It's not deciding, sometimes the sky is just blue, 1+1=2. I don't get to say 1+1=4 and be credible. It is not my choice, it just is. I can also consider 1+1=4 is incorrect without hating the man who mis-computed. I can think that doing drugs is harmful and counter productive to Budo without thinking the drug user is defined by that action.
Anyone who thinks they "decide" what is right or wrong for others is self-righteous. If you want to do drugs I'm not going to decide that was a wrong choice for your life, but I have a right to think scientifically proven self-destructive behavior is very tragic.
You can use drugs all you want Mary, I mean you can get high then do Aikido if you want. I don't think you are a bad person for it.
Whoa up, Maggie -- I seem to have struck a nerve here. I'll admit that I probably used poor diction in my choice of the word "decide", but I think you jumped to some unwarranted conclusions here. Let's step back and see if we can't make sense of this.
First off, when I said "decide", I didn't mean that in "deciding" what is right and what is wrong, you thereby create
some objective reality of what is right and wrong. It is of course an insane proposition to believe that you can create an objective reality of the "1+1=2" sort merely by deciding that it is so. What I meant instead was, how do you distinguish between those things that are "1+1=2" objective-reality wrong, and those things whose rightness or wrongness is a matter of subjective judgment? You can reply "bad is bad" if you want, but a tautology won't answer my question. I want to know if you have some kind of system of moral reasoning that allows you to distinguish between the two categories of "wrong".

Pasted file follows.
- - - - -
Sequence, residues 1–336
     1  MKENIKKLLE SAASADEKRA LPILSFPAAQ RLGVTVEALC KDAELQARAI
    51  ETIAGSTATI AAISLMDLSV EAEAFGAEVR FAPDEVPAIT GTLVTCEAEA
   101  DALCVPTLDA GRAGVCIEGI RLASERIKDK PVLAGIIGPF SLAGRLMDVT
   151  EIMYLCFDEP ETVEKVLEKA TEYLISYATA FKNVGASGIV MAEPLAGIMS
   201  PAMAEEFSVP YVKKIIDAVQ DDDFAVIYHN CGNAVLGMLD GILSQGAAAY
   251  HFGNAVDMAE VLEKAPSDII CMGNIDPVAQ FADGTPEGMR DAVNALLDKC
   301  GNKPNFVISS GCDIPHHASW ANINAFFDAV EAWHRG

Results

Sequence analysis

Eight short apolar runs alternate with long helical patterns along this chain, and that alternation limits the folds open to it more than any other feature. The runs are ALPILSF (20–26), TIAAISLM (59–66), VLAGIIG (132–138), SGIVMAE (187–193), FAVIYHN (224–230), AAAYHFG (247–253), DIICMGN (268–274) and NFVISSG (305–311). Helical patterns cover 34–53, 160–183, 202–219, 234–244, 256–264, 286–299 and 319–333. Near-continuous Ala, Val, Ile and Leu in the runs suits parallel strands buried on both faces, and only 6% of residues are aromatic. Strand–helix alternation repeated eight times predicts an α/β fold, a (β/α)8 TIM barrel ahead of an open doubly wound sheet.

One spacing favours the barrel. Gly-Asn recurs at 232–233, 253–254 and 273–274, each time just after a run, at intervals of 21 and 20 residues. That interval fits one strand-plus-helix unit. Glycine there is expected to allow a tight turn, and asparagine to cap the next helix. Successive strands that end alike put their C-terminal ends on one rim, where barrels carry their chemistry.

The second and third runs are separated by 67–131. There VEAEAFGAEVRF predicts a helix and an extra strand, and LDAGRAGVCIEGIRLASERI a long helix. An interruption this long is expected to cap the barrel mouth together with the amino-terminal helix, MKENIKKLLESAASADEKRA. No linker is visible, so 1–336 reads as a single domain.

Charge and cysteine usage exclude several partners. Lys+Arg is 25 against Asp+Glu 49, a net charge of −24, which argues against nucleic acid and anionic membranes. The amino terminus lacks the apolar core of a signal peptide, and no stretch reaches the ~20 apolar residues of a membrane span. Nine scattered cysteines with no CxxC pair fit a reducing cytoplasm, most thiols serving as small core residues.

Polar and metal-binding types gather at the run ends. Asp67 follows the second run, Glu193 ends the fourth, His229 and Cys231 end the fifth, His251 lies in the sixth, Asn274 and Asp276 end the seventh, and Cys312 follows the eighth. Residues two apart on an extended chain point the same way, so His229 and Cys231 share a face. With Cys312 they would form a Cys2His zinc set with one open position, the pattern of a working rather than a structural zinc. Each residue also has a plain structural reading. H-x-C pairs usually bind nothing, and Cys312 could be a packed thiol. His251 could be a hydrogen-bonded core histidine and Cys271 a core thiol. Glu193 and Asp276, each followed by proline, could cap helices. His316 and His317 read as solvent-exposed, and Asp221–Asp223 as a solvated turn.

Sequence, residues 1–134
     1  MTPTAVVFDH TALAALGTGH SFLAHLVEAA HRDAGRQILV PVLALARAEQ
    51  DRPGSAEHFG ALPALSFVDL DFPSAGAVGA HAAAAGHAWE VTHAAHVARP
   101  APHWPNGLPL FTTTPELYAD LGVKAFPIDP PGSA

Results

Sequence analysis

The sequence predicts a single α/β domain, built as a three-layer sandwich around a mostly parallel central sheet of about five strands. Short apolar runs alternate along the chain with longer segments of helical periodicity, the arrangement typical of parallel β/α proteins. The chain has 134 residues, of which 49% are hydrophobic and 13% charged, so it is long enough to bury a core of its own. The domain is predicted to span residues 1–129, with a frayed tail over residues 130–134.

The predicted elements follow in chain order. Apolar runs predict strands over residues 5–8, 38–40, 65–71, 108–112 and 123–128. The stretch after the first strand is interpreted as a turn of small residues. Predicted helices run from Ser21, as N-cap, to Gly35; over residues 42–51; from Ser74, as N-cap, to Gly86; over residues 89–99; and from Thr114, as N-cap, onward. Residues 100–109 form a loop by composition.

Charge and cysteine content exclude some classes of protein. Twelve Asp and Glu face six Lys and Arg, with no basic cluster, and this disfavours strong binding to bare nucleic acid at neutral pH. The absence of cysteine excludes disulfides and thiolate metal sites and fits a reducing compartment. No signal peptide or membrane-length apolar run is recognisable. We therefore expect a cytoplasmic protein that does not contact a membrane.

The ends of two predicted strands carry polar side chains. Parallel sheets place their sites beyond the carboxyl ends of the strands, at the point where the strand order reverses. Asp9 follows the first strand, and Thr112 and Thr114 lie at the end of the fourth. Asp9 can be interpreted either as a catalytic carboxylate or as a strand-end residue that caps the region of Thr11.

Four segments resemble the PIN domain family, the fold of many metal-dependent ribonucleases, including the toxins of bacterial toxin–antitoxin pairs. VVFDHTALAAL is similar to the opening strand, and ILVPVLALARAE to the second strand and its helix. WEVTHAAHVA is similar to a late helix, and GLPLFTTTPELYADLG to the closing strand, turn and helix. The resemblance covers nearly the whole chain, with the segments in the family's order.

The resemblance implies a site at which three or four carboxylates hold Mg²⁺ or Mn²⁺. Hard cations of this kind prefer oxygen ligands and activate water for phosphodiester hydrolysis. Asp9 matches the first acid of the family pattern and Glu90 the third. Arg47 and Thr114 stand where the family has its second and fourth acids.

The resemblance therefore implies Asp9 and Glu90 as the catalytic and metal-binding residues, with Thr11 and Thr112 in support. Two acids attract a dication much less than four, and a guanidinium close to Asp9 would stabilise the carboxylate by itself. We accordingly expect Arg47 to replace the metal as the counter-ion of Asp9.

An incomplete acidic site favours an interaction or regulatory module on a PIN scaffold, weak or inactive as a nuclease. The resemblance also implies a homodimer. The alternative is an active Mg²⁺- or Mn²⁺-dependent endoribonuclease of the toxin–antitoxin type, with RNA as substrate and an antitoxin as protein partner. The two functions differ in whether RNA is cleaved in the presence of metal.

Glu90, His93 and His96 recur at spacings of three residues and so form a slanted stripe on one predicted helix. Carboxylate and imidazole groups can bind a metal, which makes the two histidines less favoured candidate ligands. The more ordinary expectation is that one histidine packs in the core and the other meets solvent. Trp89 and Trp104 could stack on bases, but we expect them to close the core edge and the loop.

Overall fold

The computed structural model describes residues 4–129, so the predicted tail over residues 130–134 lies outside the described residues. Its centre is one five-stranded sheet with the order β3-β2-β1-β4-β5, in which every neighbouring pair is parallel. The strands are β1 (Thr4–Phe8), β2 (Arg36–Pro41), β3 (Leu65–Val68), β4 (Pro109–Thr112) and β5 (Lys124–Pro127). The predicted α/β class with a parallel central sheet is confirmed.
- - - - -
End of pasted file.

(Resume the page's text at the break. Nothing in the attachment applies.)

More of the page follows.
I'd also like to say that this discussion isn't about me and my habits, and I think comments like "You can use drugs all you want Mary" verge on ad hominem of a particularly fraudulent type. There's plenty of "If you refuse to virulently condemn practice xyz, you must be a practitioner" rhetoric in the world; let's not add to it here.
To relate this to aikido and to the subject of this thread, I train with someone who, I am pretty sure, uses marijuana for medical reasons. He has never said so and we have never discussed it, but I know some things about his medical condition and I have a nose. The subject of an aikidoka using marijuana is therefore not an abstract one for me, in which I can take an absolute position that is not tested in real life. I've often been accused of wallowing in shades of gray...well, guilty as charged, I guess. Black and white do exist, but sometimes reality forces you to admit that there's a lot of gray as well.